After what has been said, how could one conceive that He can be anything else?

If Jesus Christ is universal king, how could this kingship not also be a kingship over institutions and over the State? How could it not be a social kingship? How could it be called universal without that?

If the discussion becomes very heated here, it is because we arrive in the territory of him whom scripture calls “the prince of this world”. Note that we pursue the dragon, now with his back to the wall, right where he seeks and claims to take back what is his. Why be surprised if he re-doubles his violence, spewing out fire and smoke to blind us?

How many fall for it!

So, Bishop Pie already noted: “There are men of these times who do not accept the decisions of the Church and others who do so with difficulty... How can we give dogmatic value –so they say or so they think– to teachings which date from the ‘syllabus’ or to the preamble of the First Constitution of the Vatican Council [of a.d. 1870]?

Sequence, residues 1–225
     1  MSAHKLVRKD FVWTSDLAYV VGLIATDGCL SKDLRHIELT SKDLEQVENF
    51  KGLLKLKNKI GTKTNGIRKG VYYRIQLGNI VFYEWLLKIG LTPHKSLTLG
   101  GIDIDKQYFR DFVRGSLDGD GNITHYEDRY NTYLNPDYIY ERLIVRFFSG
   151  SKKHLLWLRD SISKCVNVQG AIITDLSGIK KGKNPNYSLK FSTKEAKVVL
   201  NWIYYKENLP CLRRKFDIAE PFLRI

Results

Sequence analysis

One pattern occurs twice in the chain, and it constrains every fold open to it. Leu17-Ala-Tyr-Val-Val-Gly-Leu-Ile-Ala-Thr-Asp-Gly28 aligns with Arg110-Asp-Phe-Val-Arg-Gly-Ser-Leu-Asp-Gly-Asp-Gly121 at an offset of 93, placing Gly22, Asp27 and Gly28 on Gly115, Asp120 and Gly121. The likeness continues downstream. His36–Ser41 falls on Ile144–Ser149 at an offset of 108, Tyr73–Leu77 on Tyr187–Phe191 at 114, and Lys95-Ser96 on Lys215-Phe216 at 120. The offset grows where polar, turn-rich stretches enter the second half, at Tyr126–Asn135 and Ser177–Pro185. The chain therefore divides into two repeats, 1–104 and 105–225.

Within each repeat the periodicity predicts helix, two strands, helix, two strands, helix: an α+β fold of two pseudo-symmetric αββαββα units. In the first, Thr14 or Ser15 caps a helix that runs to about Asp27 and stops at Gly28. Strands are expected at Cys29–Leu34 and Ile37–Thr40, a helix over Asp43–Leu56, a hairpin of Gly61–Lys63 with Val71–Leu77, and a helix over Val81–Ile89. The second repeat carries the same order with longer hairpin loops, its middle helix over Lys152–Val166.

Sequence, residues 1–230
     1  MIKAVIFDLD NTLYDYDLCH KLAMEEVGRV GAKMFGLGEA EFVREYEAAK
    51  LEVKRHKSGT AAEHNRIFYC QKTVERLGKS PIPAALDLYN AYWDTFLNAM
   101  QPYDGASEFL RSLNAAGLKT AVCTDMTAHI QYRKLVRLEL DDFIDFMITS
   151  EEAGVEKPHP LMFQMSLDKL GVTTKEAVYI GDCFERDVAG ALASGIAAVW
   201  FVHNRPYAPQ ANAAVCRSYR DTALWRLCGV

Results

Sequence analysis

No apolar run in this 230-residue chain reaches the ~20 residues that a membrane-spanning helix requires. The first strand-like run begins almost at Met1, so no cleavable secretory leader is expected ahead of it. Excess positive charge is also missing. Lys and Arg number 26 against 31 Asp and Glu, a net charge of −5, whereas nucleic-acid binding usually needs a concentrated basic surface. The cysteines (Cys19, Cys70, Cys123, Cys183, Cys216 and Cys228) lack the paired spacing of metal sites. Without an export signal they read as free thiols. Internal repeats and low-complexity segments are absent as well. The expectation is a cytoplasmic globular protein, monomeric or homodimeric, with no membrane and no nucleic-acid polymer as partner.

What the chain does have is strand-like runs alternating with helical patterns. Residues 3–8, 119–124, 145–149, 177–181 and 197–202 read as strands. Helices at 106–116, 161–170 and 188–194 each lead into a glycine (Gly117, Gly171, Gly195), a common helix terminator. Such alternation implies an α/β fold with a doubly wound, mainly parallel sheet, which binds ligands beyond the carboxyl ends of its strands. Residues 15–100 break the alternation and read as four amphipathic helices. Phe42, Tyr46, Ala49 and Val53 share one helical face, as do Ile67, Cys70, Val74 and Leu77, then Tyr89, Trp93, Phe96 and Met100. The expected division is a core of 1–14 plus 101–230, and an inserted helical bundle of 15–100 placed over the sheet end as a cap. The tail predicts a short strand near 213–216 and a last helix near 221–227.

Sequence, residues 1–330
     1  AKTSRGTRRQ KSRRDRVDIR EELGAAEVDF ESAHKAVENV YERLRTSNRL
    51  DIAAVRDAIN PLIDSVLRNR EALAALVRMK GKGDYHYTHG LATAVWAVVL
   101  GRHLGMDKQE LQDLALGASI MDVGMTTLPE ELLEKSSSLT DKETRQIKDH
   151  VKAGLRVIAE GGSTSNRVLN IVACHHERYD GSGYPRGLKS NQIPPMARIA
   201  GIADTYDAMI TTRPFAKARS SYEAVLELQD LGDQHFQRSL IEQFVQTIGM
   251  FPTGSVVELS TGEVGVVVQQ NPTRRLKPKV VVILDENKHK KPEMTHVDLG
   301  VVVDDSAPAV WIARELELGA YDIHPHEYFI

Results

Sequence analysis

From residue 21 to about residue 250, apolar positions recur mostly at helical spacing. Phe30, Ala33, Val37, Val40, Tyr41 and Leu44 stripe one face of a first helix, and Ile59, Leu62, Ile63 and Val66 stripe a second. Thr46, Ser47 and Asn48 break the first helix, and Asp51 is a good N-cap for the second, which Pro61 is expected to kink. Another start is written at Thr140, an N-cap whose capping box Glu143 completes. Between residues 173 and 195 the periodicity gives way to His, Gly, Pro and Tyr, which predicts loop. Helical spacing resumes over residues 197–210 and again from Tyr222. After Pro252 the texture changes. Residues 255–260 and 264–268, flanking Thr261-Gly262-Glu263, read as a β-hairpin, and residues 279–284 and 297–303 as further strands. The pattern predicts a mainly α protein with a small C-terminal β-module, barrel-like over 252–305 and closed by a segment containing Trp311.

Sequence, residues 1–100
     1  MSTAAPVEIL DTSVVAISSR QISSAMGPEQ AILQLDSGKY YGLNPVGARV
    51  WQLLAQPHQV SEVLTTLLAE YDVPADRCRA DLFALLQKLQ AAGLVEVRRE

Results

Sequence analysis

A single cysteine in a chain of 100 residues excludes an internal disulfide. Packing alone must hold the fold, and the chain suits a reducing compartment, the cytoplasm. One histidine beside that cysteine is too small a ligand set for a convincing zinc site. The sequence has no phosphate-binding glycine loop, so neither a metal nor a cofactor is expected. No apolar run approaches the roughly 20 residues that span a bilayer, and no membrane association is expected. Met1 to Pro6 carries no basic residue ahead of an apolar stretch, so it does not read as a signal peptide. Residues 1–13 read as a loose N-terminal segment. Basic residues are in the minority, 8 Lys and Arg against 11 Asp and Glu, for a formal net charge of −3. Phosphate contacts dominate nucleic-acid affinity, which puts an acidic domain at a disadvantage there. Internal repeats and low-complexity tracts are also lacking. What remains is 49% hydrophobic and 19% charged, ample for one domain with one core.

“Calm yourselves –he continues– the doctrine of the ‘Syllabus’ and of the Vatican Council are as ancient as the doctrines of the Apostles, as the doctrine of the Scriptures... For example, to those who obstinately refused recognition to the social authority of Christianity, look at the response given by St. Gregory the Great. He is commenting on the chapter of the Gospels where the Adoration of the Magi is related. Explaining the mystery of the gifts offered to Jesus by the representatives of the gentiles, the holy doctor expresses himself in these terms:

“The Magi recognize in Jesus the triple quality of God, of man, and of king. They offer gold to the king, incense to the God, and myrrh to the man. Well –so the Pope continues– well, there are some heretics: sunt vero non-nulli haeretici, who believe that Jesus is God, andwho believe equally that Jesus is man, but who absolutely refuse to believe that His reign extends everywhere: sunt vero nonnulli haeretici, qui hunc Deum credunt, sed ubique regnare nequaquan credunt.